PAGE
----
Blog Post

What If the Building We Work in Could Make Us Healthier?

Published September 5, 2023
By Lisa Jasinski, PhD, University of Texas at San Antonio
Planning Types: Campus Planning

Institutions referenced in this resource:
Stanford University

During the recent 2023 Society for College and University Planning (SCUP) 2023 Annual Conference in Cleveland, Niraj Dangoria, Stanford University’s associate dean of facilities planning, and management, and Paul Woolford and Julia Cooper of HOK, reported how they used integrated planning to construct the Center for Academic Medicine for the Stanford University School of Medicine.

Their presentation, “Stanford Center for Academic Medicine: Addressing Burnout in the Workplace,” described the unique challenges, opportunities, and solutions for a 210,000-square-foot facility that opened during the height of the pandemic.

Figure 1 The Center for Academic Medicine, Stanford University School of Medicine; image courtesy of

At the outset, the design team set a bold goal: “One must feel better when they leave than when they arrive.” It strikes me that all campus buildings might adopt such a worthy aim.

For this project, alleviating employee burnout was an especially urgent goal. The building’s primary users (clinical practitioners and medical school faculty) typically work long, demanding hours. They regularly arrive on campus before 7 a.m. and work 12-hour days performing varied tasks in the hospital, their offices, and across campus.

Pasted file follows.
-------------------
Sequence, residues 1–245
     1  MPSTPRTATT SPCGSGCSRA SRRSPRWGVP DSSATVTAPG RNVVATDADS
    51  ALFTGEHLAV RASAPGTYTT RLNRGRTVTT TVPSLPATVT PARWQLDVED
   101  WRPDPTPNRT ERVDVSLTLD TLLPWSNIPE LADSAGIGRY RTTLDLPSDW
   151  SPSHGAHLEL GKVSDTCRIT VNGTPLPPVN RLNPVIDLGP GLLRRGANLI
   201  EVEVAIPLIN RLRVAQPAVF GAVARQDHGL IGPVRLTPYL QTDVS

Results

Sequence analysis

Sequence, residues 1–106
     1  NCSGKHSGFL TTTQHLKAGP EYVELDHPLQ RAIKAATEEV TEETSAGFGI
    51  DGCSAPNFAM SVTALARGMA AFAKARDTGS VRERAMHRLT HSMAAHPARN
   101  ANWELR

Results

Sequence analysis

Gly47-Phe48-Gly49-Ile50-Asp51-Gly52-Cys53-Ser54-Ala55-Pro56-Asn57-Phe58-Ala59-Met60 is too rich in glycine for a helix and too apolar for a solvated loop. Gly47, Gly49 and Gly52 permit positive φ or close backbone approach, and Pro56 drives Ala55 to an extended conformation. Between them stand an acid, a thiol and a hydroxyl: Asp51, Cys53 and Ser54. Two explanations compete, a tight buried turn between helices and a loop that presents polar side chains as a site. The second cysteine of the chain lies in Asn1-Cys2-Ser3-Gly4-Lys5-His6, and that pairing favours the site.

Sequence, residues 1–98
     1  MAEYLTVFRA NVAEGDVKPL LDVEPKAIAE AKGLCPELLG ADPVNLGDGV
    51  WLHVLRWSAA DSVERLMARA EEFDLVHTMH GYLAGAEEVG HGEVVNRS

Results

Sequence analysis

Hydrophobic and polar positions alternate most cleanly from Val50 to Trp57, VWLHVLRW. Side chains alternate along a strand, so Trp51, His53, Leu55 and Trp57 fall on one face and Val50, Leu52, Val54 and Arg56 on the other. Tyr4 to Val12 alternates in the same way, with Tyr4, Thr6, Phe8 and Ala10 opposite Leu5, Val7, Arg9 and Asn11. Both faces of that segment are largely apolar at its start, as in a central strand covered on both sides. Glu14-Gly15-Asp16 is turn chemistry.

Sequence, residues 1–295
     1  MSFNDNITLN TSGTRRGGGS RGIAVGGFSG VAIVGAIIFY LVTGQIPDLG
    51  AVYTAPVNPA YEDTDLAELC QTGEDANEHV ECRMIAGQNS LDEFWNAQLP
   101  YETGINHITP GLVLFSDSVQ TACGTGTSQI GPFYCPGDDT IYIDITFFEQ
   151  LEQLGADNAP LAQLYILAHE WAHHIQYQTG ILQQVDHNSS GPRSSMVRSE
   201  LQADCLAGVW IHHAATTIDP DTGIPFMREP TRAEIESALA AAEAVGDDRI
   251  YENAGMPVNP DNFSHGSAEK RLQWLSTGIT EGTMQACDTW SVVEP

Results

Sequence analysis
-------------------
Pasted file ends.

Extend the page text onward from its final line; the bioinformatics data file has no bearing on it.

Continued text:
Knowing that more than half of physicians in America (63 percent) report feeling burned out at least once a week, according to the American Medical Association, the design team approached the project as an opportunity to address the multifaceted needs of users holistically and sustainably.

The building’s lobby hosts a concierge capable of providing many services, including laundry pickup, on-site tech support, a gym space, and a café that serves “really good coffee.” The Center for Academic Medicine adopts a human-centered approach to placemaking, providing inviting spaces and amenities that encourage the building’s residents and the public to come, linger, work, and recharge.

Sustainability and a Connection with Nature

Few college campuses are as beautiful as Stanford’s or blessed with a climate as inviting and temperate as Palo Alto’s. Architects took full advantage of the site, a former parking lot, that abuts an arboretum predating the university’s founding, recalling when the land was the leafy estate of railroad baron Leland Stanford.

The building was scaled to mirror the layers of the nearby forest, positioned to reduce glare, and made extensive use of overhangs to maximize shaded outdoor patios. The central courtyard harnesses cool breezes and is designed according to the position of the sun throughout the day. Interior fixtures and furnishes adopt biophilic principles and make abundant use of natural and reclaimed materials.

According to HOK, the building’s annual energy use intensity—15.9 kBtu/sf/yr (including renewables)—represents an 85 percent energy savings from baseline.

Figure 2 The building’s design features a café, amenities, and outdoor spaces that appeal to its residents and the public; image courtesy of

Modularity and Evolution